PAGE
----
For almost 20 years, Japan has been one of our favourite travel destinations. We have loved
going regularly to Tokyo, Osaka, Kyoto and yes, even once to Sapporo but this June,
Jay and I decided to expand our horizons and visit a place that we had not been to before.
Fukuoka, the main city on the island of Kyushu is serviced by direct flights from Manila by both Philippine Airlines and Cebu Pacific.
While I would have wanted to fly PAL, Cebu Pacific had an irresistible seat sale that was just too good to pass up. I must admit, with all the negative reviews that the airline had been receiving,
I was a bit worried about how the experience would go.
So, I set my expectations really, really low and put myself in zen mode ("Ommm, nothing, nothing will bother me, ommm).
It is always wonderful to be delightfully surprised. The check in was quick and efficient, there was hardly any queue. The flight was barely half full so we enjoyed the extra legroom by sitting in separate empty rows. And the crew were all pleasant and smiling throughout the flight.
Cebu Pacific, you certainly exceeded this first time passenger's expectations!
We were an hour late arriving at Fukuoka Airport -- not really the airline's fault but because of
the usual traffic on the NAIA runway. The airport was nearly deserted. Unlike Narita, KIX
or Chitose Airport which are all a long way from the city, Fukuoka Airport is a mere 20 minute
taxi ride to the centre of town. If you have luggage and arrive at night, I suggest you take the
cab instead of the train.
In our case, we spent just 2,000 yen from the airport to our hotel, located at the corner of the main streets Watanabe-dori and Sumiyoshi-dori.
Like other budget airlines, a hot meal is extra on Cebu Pacific. We opted not to eat during
the flight but to save our appetites for what would surely be much better food in Fukuoka.
Our hotel was in a quiet area right beside a covered shopping arcade but most of the stores and
the small restaurants were closed. It was way past 10 p.m after all.
A meal from the nearby convenience store was not exactly what we had in mind so we decided to walk a little further in search of food.
We walked a few blocks and saw Yayoiken, a 24 hour teishoku restaurant chain. Teishoku means
"set meal", one complete with hot rice, miso soup, and tsukemeno or Japanese pickles. The
window display showed a wide variety of dishes ... what a lucky find!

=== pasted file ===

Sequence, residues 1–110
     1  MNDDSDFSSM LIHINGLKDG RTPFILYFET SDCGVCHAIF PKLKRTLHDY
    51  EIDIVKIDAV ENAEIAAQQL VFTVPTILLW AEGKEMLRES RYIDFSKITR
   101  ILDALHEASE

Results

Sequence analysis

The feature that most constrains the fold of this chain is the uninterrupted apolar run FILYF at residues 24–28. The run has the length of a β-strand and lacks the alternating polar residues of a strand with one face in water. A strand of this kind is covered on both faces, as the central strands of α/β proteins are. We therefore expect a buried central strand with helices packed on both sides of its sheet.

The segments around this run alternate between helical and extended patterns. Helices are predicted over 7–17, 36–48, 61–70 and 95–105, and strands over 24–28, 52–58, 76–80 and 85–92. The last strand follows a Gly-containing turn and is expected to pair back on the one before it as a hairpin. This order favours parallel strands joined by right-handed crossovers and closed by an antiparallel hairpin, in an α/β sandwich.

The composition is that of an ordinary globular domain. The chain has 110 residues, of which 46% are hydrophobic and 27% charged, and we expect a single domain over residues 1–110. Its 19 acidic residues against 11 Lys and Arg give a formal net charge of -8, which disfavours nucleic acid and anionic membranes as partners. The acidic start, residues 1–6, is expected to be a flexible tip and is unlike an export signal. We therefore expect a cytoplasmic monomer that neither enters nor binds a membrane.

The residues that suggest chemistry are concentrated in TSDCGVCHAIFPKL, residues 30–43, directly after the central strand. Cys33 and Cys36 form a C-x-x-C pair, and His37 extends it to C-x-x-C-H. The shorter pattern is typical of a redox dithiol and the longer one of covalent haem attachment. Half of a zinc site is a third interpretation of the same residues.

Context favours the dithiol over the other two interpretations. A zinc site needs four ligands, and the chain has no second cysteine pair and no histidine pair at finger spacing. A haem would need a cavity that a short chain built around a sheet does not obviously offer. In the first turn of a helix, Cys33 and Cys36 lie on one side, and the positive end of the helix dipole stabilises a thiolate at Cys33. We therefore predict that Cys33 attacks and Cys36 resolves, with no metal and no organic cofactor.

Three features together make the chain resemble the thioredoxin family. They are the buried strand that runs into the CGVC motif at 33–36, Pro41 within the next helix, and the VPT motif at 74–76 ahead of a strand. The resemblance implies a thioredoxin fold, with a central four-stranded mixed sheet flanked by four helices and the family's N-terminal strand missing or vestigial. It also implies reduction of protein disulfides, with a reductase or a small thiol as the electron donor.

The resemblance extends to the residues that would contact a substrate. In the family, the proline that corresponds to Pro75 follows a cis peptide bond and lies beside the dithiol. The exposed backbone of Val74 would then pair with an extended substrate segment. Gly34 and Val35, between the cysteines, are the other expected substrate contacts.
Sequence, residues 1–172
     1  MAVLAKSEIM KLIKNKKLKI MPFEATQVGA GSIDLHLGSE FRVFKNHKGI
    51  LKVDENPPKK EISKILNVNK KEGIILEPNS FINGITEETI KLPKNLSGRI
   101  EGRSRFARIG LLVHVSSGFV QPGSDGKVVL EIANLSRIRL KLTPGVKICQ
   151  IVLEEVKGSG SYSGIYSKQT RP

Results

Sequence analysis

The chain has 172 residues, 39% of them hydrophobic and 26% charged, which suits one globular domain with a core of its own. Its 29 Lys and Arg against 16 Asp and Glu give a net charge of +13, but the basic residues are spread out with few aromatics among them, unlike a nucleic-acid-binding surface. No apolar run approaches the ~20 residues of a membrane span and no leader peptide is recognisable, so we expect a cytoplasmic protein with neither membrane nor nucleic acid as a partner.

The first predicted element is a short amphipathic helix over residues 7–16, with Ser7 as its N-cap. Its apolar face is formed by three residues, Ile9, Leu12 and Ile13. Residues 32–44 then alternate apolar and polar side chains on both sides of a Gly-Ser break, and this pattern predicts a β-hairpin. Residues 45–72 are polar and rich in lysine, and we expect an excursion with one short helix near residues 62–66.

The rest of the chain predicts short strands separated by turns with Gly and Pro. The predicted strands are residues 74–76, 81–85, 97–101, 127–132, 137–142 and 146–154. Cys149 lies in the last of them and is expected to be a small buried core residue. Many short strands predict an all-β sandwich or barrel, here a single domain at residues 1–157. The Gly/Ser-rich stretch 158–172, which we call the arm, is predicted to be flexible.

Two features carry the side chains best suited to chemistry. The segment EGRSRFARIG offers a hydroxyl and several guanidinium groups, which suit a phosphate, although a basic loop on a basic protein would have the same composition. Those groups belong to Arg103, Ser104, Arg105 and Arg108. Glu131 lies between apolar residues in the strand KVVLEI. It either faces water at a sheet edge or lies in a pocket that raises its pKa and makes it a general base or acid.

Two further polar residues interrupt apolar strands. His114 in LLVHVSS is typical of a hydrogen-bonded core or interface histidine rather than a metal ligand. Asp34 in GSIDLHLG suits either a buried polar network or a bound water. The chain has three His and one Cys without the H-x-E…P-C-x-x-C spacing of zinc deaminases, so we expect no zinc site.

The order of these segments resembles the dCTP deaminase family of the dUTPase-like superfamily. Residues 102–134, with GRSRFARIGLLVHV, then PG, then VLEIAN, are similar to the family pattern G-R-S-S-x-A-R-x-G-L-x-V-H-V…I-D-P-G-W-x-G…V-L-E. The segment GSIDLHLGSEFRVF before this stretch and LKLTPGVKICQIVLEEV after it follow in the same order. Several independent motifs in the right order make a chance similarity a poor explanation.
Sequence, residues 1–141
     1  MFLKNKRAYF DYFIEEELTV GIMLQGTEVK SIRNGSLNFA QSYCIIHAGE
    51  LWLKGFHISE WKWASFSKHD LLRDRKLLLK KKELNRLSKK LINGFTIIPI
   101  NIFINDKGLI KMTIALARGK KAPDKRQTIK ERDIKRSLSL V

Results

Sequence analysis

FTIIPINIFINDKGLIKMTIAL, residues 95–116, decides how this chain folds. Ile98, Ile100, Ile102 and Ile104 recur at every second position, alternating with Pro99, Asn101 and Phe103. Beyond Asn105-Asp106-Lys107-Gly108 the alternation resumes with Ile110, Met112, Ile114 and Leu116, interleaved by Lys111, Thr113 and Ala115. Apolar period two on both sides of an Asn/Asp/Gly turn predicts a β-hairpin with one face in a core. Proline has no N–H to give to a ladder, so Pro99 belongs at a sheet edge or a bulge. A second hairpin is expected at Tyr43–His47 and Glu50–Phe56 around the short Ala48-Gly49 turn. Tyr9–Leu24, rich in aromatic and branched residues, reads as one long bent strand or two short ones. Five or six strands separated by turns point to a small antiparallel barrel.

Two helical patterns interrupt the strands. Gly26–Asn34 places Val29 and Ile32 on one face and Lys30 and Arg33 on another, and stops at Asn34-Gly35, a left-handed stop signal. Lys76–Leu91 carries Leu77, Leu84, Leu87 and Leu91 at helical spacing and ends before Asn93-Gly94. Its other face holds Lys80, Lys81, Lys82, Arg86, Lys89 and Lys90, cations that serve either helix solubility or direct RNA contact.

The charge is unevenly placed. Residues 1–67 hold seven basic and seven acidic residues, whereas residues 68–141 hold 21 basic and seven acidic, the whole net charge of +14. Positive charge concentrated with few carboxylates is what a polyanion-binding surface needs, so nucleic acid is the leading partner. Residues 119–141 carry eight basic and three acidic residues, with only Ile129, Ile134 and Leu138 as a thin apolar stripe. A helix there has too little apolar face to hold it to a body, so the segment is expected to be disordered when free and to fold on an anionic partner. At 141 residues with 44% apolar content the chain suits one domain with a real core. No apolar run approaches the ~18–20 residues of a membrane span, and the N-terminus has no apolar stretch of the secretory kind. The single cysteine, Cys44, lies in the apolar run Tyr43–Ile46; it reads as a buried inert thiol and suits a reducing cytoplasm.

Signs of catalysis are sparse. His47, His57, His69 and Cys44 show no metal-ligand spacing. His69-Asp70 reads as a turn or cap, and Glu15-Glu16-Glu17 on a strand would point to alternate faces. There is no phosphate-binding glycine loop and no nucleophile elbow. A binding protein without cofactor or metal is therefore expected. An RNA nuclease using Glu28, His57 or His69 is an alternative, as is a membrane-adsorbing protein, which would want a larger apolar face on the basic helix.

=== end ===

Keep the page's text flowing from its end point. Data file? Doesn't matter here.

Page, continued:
While the restaurant was not full, there were a number of late night diners and more would
continue to come during the time we were there. The decor was muted and lighting was comfortably soft. The booths were spacious and well spaced from each other. All in all, it was a very pleasant place and a bit more upmarket than the other teishoku chains I have eaten in.
We were lucky to get the table right by the window from where we could see our first impressions
of the city.
At Yayoiken, ordering and payments are done via the vending machine right by the entrance.
The waitstaff then comes by your table to pick up your order stubs and then returns a few minutes later with your meal.
Surprise, surprise, Yayoiken's vending machine had an English button -- press it and the entire menu is suddenly transformed into something I could actually read. Fukuoka was turning out to be quite tourist friendly!
I ordered the shogayaki teishoku -- this is ginger stewed pork that is a daily staple in many
Japanese homes. It was a generous order of tender strips of juicy pork served with a fresh
green salad. The rice was hot, fragrant and delicious -- just the thing our hungry stomachs
were growling for! If one bowl of rice is not enough, there is a large rice cooker off to one side where you can fill up your bowl a second (or even a third) time. And no, I did not indulge.
Jay had his favourite -- a hambagu steak with an ebi fry on the side. The patty was well seasoned, drizzled with gravy and came on a sizzling hot plate. Oishii desu ne!
Kanpai! Our first dinner was a roaring success and not just because we were hungry but because
I truly believe that it's pretty much impossible to have a bad meal anywhere in Japan. Even if it's
just a set meal from a 24 hour teishoku restaurant chain like Yayoiken.
It was almost midnight when we walked back to the hotel. Watanabe-dori, the wide main avenue of Fukuoka was well lit although quite empty of passing cars. So far, Fukuoka was looking pretty good! I was excited to see what the next five days would bring.